The interesting element that I’ve watched the gamers missed is this element of personal choice because it’s inherent in video games in that if I pick, “World Warfare,” I demonstrated my choice.  You can’t put a gun to my head and force me to play World Warfare.  That’s not the way the system works.  However, when you try to bring the elements of gamification into the work place, the thing that many of the technologists have missed is this element of providing choice to the players and to the employee.  So, it’s a big part of what our listeners need to take into consideration as they do gamification in their business.

Jesse:   It’s interesting, that example of World Warfare, which I have not personally played.  I’ve heard that it appeals to lots of different types of people part of this because they have to make a wide range of choices inside the game, too.  There are some people that really want to go in, compete and kill people or whatever you do in World  Warfare.

Then, there are others who are really more about exploring that world.  I think, every time I’ve ever used a flight simulator video game, I’ve always just tried to see, “Can I drive this thing off the map?”  I just want to go explore this virtual world.

So, you got the choice to whether or not play at all.  Then inside, you’ve got variety of choices to make. So you’re saying that’s one of the downfalls, especially of work place based gamification where that’s not something that’s often designed into the system.

Chuck:  That’s true.  Even to the point of being able to choosing my own avatar, the one I want to be.  Do I want to be Mister Muscle?  Which one of America’s hero do I want to be like?  I get to pick and choose those things.  There’s a high degree of choice in the electronic gamification.  When people bring it to the work place, there is sort of a historical absence of choice that workers get.

What we found is that in our work is that when you get in and ask people about their methodology, “How do we get to this point?”; “How would you help us get to the goal?”  You get engagement.  I know that sounds simplistic.  But in life, I think most of us would register the fact that we have simple principles.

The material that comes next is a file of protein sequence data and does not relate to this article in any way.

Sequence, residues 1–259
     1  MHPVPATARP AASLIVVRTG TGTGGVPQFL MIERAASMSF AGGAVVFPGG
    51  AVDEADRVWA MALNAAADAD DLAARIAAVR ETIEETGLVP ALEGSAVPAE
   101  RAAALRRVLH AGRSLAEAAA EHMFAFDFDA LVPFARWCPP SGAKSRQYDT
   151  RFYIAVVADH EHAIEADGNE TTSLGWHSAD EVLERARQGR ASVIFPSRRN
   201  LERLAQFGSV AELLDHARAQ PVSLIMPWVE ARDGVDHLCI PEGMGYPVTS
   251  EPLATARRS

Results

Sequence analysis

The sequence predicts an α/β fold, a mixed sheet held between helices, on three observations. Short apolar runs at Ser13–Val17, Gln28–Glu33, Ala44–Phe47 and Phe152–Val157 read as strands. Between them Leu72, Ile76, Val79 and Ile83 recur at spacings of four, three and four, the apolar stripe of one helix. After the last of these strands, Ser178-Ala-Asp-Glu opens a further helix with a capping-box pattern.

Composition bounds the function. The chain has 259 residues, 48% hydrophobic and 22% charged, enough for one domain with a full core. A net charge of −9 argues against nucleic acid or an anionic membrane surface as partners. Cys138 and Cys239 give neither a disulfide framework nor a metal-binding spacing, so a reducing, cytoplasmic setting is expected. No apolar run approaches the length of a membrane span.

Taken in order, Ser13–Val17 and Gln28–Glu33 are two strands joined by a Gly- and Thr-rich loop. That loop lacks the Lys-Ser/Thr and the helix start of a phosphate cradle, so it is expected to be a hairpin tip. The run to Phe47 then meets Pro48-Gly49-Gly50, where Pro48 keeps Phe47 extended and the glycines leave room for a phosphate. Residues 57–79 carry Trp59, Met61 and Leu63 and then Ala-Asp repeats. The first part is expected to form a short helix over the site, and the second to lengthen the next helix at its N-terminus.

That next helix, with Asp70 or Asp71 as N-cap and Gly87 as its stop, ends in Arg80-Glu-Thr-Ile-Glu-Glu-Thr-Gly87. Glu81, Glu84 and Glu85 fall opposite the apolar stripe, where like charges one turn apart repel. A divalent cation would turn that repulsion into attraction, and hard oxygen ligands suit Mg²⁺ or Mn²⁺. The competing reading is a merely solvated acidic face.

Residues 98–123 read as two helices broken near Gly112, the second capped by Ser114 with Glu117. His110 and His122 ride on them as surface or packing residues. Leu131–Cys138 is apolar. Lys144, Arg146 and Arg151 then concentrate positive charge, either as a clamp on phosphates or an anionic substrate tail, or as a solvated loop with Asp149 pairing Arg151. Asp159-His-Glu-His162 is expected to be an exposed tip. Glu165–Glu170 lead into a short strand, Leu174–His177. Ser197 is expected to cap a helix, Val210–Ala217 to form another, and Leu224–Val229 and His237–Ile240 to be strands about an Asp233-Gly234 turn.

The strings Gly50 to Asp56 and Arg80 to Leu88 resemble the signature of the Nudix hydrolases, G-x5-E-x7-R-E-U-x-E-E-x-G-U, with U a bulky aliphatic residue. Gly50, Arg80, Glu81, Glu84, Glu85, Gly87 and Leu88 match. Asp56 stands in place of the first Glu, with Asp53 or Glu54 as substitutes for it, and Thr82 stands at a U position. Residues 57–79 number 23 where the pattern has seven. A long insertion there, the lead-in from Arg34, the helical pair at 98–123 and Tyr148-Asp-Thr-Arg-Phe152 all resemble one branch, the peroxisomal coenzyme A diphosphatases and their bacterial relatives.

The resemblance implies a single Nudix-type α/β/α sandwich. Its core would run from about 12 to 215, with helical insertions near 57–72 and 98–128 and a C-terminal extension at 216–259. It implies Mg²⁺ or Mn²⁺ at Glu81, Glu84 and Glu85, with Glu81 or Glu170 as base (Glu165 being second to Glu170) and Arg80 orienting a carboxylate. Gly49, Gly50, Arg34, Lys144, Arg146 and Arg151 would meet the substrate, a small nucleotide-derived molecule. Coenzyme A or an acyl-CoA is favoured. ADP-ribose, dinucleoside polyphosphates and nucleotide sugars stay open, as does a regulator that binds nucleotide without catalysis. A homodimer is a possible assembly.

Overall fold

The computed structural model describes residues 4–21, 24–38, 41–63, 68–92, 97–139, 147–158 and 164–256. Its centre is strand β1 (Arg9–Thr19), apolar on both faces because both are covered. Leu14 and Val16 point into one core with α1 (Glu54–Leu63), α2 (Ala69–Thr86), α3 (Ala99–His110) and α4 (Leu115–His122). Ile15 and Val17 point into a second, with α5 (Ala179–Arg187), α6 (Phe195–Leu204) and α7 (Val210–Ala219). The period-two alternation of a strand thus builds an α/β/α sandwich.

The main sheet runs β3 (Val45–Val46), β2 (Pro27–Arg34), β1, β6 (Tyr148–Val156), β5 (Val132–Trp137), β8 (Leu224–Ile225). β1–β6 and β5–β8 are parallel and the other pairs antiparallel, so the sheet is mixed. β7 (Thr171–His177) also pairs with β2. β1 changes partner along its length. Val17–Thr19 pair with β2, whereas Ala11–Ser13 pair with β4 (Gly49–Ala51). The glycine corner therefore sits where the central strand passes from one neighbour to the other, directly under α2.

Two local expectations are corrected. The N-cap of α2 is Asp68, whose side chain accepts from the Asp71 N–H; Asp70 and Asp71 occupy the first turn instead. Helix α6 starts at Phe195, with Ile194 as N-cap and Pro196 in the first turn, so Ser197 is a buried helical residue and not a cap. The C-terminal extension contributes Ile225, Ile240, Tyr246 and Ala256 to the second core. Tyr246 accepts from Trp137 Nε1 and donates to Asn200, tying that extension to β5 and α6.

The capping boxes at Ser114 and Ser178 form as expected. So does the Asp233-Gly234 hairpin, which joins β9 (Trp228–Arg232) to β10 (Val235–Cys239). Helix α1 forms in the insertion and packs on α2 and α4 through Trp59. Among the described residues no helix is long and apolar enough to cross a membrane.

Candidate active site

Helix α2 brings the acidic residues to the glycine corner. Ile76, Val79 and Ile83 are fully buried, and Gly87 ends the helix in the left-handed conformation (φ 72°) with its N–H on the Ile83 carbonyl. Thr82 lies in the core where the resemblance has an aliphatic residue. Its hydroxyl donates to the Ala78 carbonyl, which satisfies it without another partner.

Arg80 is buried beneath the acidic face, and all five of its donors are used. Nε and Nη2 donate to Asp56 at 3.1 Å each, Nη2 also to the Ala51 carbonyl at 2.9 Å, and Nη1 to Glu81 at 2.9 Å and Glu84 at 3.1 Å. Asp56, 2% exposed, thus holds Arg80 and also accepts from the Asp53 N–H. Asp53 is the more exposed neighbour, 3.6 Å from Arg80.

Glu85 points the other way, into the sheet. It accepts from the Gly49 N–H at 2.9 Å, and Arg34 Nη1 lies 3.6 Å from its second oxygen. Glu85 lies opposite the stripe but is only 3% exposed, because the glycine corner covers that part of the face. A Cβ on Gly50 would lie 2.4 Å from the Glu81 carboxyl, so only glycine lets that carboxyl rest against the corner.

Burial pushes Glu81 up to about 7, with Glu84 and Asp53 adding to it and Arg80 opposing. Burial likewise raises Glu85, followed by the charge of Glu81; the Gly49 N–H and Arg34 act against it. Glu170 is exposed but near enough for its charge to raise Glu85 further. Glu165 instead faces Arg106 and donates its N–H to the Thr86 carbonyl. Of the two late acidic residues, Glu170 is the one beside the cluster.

Physical responsibility, how you get wealthy in America.  Pretty simple principles.  I think if we stay with the simple principles in a gamification process, you are going to get much greater acceptance.

Jesse: Now, you’ve been practicing these principles since the 70’s. From your opening illustration, it was not video game based.  There were very few video games in the market at that point.  So, I am guessing that for a long you work was maybe not so influenced by video game, I’m wondering if you’ve seen your work change over the years.  Generally speaking, when people talk about gamification now, they are talking about what we’ve learned from the world of video games.  I wonder if you’ve seen that affect your work over the years.

Chuck: Well, it has a little bit.  Interestingly enough, the first IBM personal computer was done in 1981.  When I saw Lotus one, two, three get introduced in 1984, I absolutely looked like an aborigine watching a Polaroid picture develop.  “Wow.”  I hope that’s politically correct then.  But I was like, “Wow, wow.”  My life just got great now.  What has been really interesting is that we recognized that there’s a kinesthetically earning sensation.  You can get that at the joystick.  You can get that of a computer keyboard.